chipotle peppers
Red Jalapenos picked from the garden.

This week we had our first true freeze of the fall season.  Fortunately, we were able to pick the last of the peppers before nature turned down the thermostat. That left us with a plethora of peppers to try to can, freeze, and dry. A great way to preserve your red jalapenos is to make your own Chipotle Peppers.  It does take some patience, so plan to do this on a day when you have a full day to be ‘on call’.

chipotle peppers
Chipotle peppers ground down to make powder – Great to add to soups, stews and pasta dishes.

A Chipotle pepper is a dry, smoked jalapeno pepper.  They are most commonly made from red jalapenos.   They are added to any dish that needs a smoky flavor with a little kick.    Most of the natural ‘heat’ of the jalapeno is retained in the drying and smoking process.Typically it is about 5,000 to 10,000 Scoville Units. This is considered a “medium” heat in comparison to other chilies.  Of course, you can take out the seeds and ribs of the jalapeno to make a milder version of the chipotle pepper. Typically the Chipotle is used to flavor soups, salsas, stews, sauces, and even an occasional dessert.

chipotle peppers
Make sure to soak your wood chips in water for at least an hour to prevent burning in the smoker.
chipotle peppers
After a few hours, the red jalapenos are beginning to dry

To make your own Chipotles, start with thoroughly washed Jalapeños, without bruises or surface cuts. They shouldn’t be too soft. Remove the stems and place them on the rack in your smoker or grill in a single layer.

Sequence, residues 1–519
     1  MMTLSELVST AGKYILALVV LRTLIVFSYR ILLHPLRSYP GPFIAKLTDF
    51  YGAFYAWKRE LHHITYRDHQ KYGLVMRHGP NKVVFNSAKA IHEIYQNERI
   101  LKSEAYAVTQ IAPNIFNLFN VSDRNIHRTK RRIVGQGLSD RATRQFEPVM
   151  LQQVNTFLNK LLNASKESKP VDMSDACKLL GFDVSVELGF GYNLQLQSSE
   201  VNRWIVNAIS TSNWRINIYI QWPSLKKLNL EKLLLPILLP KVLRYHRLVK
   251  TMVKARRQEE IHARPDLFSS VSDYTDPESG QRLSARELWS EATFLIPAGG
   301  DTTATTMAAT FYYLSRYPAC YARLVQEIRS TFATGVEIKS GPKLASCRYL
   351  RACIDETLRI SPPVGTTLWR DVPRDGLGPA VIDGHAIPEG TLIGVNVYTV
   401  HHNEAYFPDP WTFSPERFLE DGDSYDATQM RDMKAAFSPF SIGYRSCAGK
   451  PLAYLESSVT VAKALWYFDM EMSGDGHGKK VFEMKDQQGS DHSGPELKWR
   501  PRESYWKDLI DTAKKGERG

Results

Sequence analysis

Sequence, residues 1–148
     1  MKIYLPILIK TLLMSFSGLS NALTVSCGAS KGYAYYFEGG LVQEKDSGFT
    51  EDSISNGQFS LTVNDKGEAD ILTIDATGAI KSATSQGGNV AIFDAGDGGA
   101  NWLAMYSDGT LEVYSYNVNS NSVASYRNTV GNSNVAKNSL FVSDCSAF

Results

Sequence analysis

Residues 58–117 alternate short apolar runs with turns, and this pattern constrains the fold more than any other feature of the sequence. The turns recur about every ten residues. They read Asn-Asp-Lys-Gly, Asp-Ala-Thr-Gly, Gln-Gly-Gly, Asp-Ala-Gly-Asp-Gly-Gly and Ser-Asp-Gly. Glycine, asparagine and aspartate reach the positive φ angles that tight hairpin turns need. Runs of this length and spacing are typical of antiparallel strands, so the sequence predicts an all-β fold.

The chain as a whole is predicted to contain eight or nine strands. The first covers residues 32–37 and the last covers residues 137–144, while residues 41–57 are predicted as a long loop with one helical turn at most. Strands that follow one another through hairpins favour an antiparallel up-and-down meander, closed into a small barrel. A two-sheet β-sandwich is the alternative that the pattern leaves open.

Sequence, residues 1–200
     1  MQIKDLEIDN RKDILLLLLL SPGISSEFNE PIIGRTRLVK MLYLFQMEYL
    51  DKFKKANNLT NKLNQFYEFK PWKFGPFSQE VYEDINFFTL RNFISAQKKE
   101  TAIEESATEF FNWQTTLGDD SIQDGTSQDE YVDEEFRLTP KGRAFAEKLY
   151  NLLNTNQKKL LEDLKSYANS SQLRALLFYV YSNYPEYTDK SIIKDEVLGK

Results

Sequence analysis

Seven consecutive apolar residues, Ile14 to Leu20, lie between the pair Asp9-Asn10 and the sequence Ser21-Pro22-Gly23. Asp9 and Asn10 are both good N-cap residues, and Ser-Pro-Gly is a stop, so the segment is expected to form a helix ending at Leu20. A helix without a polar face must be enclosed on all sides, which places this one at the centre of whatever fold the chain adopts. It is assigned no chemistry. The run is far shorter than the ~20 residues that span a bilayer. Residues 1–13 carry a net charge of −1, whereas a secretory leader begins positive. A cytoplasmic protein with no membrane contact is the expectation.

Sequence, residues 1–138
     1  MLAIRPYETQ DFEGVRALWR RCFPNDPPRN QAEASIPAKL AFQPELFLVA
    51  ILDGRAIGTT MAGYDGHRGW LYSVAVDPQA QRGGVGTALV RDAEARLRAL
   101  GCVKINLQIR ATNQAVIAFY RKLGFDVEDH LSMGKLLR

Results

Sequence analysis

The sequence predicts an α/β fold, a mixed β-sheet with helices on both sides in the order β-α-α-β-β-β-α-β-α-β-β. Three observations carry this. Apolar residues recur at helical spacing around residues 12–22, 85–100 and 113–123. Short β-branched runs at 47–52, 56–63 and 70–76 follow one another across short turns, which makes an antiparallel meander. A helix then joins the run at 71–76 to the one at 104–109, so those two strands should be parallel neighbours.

Add pre-soaked wood for the smoke in small amounts. Fruit woods are best to use such as apple wood, however hickory, oak, and pecan (the Mexican traditional wood) works well also. Just keep the airflow low so that the fire doesn’t get too hot and then continue smoking until the peppers are complete dried. Some people use a dehydrator, which works, but your dehydrator will smell smoky for weeks.

So what do you do with all of your chipotle peppers?  There are countless ways to use them, but here are some of our favorites…..

chipotle pepper
You can see the jalapenos have now begun to turn into chipotle peppers. Only a couple more hours to go.

Chipotle Powder 
A few spice companies offer a chipotle powder. This is simply the dried whole chili, ground up into a fine powder. Use as you would any chili powder for a spicy, smoky flavor. We love our Krups Coffee Grinder which grinds the peppers down into the perfect consistency.

Chipotle in Adobo Sauce 
Normally canned with a sauce made of spices, vinegar, tomato sauce and sometimes other chilies. You can use the chilies, the sauce, or both in common recipes.

Chipotle Chili Salt
The salt is a combination of chipotle chili powder and table salt. Use on meats or vegetables for a light smoky flavor.

Chipotle Dip 
Chilies are dehydrated and blended into a paste. Use the dip for chicken fingers, wraps and on veggies or chips.

We will get into more specific recipes on how to use your dried chipotle peppers in future posts.  But as for now, concentrate on getting those leftover jalapenos put to use before they go bad.

Jim and Mary

 

23 thoughts on “Making Your Own Chipotle Peppers From Jalapeno’s

  • November 30, 2016 at 9:43 am
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    I wish I would have found this earlier. We grew so many jalapeno plants this year and gave so many peppers away. I canned about a dozen pints of them as well.
    I have the kids eating the chipotle and they love the smokey flavor.

    Next year I have big, big plans for my lovely jalapenos.

    Thanks

  • September 21, 2016 at 9:33 am
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    I was just wondering if the smoke produce by smoking the jalapenos is dangerous as far as pepper compounds are considered. Do you make a point of staying away from it or does the smoke not carry any of the spicy compouds that could be dangerous if inhaled? Thanks.

  • April 28, 2016 at 9:26 pm